After enormous efforts to cause a sell-off of SQNM through incessant negative campaigns of fear, the fear finally supervened. Helped by preprogrammed selling the stock lost around one third of its value. Today, we heard that Lazard Capital Markets analyst Dr. Sean Lavin upgraded his outlook to "Buy" from "Hold" with a $13 price target, citing the potential for the company to create a test for Down syndrome. The stock rebounded fiercely through a different kind of fear this time, i.e. losing a huge investment opportunity. Lavin said the company will likely create a test for Down syndrome with third-party data showing it to be more accurate than current screening. He said the nearly 30 percent drop in the stock value last week is an opportunity for investors. "We anticipate Sequenom finishing development of a Down (syndrome) test this year, running external trials in 2011, and launching a test in late 2011 or in 2012," he said in a note to investors. He said the company has risks, but its target markets are "too immense" and a successful test is too likely. In the U.S., the company could target a market worth more than $4 billion. With all that said, he added, an investment in the stock is "speculative and risky."

That’s what sincere analysts should say – to mention the risk and the reward. In Sequenom’s case, the reward is huge. The successful outcome of Sequenom’s tests will not stop at the two that have been launched and the expected successful outcome of the one for Down syndrome, but open the door to many tests, which would be big.

Investors’ Rush To Buy ImmunoGen IMGN

  Friday, March 19, 2010

IMGN soared on Thursday, as investors did not miss the parts related to ImmunoGen in the article Robert Langreth, a senior editor at Forbes wrote about the pharmaceutical company Roche’s status and plans. In the article, Severin Schwan, Roche’s chief executive remind of his firm’s dominant position in the cancer drug market, stressing the fact that Roche’s cancer drug Avastin is hard to beat, regardless of what other pharmaceutical companies claim about their upcoming competing drugs. “In cancer, we are at the beginning,” Schwan told Forbes in an interview yesterday. “The barrier to beat our established drugs is very high. It is extremely difficult to find something better than Avastin whose sales approached $6 billion last year.”

The part related to ImmunoGen, though, came when the article described Roche’s plans. He wrote, “Roche is testing drugs called armed antibodies that combined targeted therapy with traditional toxic cell-killing drugs. The idea is that the antibody will deliver the toxic chemotherapy directly to the tumor, maximizing effectiveness and limiting side effects.” Is this not ImmunoGen’s drug? Indeed it is as investors who read the article confirmed their notion when it mentioned the armed antibody by name “T-DM1”, described it as much as possible, and confirmed that ImmunoGen is the developer of the drug.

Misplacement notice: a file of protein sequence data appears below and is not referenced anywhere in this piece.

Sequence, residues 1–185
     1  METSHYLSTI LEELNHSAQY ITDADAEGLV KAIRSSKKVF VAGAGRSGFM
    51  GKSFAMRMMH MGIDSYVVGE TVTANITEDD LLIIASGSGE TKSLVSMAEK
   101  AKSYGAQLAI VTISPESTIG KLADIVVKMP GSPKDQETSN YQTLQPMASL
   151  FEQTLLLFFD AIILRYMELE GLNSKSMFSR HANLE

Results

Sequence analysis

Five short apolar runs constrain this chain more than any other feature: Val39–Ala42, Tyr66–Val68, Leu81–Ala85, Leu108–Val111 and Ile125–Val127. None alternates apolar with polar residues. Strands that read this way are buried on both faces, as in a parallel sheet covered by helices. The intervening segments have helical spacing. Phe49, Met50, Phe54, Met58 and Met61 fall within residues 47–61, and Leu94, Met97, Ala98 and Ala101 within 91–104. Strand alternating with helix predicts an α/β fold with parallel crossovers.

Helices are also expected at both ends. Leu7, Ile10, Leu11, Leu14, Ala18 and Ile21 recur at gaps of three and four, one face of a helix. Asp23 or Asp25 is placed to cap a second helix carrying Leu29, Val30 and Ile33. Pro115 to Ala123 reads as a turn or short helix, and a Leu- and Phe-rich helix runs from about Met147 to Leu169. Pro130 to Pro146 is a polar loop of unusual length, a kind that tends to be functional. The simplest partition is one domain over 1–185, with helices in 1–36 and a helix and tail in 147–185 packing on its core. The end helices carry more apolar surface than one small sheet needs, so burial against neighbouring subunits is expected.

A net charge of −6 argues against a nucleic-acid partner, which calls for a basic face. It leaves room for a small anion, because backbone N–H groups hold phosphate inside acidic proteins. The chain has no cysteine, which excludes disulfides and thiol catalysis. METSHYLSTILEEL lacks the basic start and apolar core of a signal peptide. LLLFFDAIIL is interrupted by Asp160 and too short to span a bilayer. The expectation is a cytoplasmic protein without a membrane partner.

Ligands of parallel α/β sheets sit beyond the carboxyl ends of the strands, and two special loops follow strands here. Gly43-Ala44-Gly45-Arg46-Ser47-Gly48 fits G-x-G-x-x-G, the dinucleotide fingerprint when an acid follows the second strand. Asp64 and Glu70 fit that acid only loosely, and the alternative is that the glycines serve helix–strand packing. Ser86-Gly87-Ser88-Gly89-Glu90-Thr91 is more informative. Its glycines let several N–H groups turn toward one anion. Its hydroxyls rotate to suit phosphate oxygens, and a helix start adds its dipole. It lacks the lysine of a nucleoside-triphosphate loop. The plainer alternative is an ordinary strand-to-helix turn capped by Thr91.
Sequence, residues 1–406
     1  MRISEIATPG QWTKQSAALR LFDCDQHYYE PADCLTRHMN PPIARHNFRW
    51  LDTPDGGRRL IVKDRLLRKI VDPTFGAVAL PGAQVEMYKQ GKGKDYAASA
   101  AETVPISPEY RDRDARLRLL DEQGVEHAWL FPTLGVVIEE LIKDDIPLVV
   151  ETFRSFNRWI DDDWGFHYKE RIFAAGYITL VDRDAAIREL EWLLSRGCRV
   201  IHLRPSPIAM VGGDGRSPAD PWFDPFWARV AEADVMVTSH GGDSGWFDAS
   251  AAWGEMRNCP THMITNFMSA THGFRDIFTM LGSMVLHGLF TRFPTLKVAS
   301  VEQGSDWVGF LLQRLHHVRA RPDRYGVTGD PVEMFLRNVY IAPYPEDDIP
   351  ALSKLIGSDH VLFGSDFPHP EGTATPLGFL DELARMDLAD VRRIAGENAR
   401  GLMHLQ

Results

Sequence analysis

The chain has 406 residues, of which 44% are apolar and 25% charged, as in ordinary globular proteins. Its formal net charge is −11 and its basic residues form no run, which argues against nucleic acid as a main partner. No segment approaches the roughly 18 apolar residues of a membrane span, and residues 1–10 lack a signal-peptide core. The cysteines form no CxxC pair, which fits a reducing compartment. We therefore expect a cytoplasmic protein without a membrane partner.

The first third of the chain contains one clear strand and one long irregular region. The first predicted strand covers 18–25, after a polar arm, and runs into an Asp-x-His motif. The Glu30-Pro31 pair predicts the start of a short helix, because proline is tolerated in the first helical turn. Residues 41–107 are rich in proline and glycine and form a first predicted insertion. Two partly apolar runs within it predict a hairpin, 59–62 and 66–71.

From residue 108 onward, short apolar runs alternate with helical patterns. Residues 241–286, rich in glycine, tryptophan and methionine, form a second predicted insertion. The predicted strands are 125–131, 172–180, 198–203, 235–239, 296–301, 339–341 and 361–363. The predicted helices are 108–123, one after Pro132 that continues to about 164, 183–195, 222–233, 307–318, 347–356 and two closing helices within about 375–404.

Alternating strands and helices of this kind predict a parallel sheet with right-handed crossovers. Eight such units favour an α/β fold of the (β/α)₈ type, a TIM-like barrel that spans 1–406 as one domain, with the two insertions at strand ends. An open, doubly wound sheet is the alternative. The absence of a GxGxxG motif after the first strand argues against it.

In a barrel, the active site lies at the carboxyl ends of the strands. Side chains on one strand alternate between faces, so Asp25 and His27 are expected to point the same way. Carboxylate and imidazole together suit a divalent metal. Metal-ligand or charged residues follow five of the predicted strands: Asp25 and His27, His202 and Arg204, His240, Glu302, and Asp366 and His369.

Motivating IMGN’s rally yesterday is the part where the writer said, “Roche is in late stage testing of T-DM1 that chemically links Herceptin to a potent chemotherapy toxin. If the drug works, patients will take one drug for breast cancer instead of two or three. Roche, presumably, could charge a higher price for the two-in-one combo, especially if it has fewer side effects.”

Further exciting ImmunoGen’s fans was the part of the text that said, “Schwan swears there are no big more mergers in Roche’s future because we think it destroys a lot of value. We are going for targeted midsize acquisitions.”

Well, well, well. Reading the article’s description of ImmunoGen’s T-DM1 drug was enough for informed investors to connect the dots. ImmunoGen typically fits the description of what Roche is interested in. If taken over, the firm, which is a small size, the premium to be paid in case of acquisition would turn it into a midsize firm. In addition, investors know that ImmunoGen is not a single cancer drug firm, but has a pipeline of several conjugated monoclonal antibodies developed for several cancers. More important, it owns the TAP technology that made possible what defied other firms’ previous attempts, i.e., designing and developing monoclonal antibodies that carry highly toxic payloads, yet leave the normal cells intact because they released their toxic ammunition only inside the cancer cells.


SEQUENOM (SQNM): Does Anyone Really Believe That Missing Analysts Expectations By Five Cents Should

  Wednesday, March 17, 2010

SEQUENOM (SQNM): Does Anyone Really Believe That Missing Analysts Expectations By Five Cents Should Cause a Sell-Off In A Fundamentally Sound Development-Stage Biotechnology Firm’s Shares?

To those who keep downgrading Sequenom we say, we would love to be your disciples on condition that you do not try to convince us that development-stage firms deserve to be downgraded and their stocks crushed because their quarterly reports show a loss of five cents more than analysts’ expectations. We will become your faithful followers if you tell us in straight sentences that the firm’s scientific fundamentals are dismal – its technologies are not working, its programs are not advancing and its future is bleak, which you certainly did not do yet.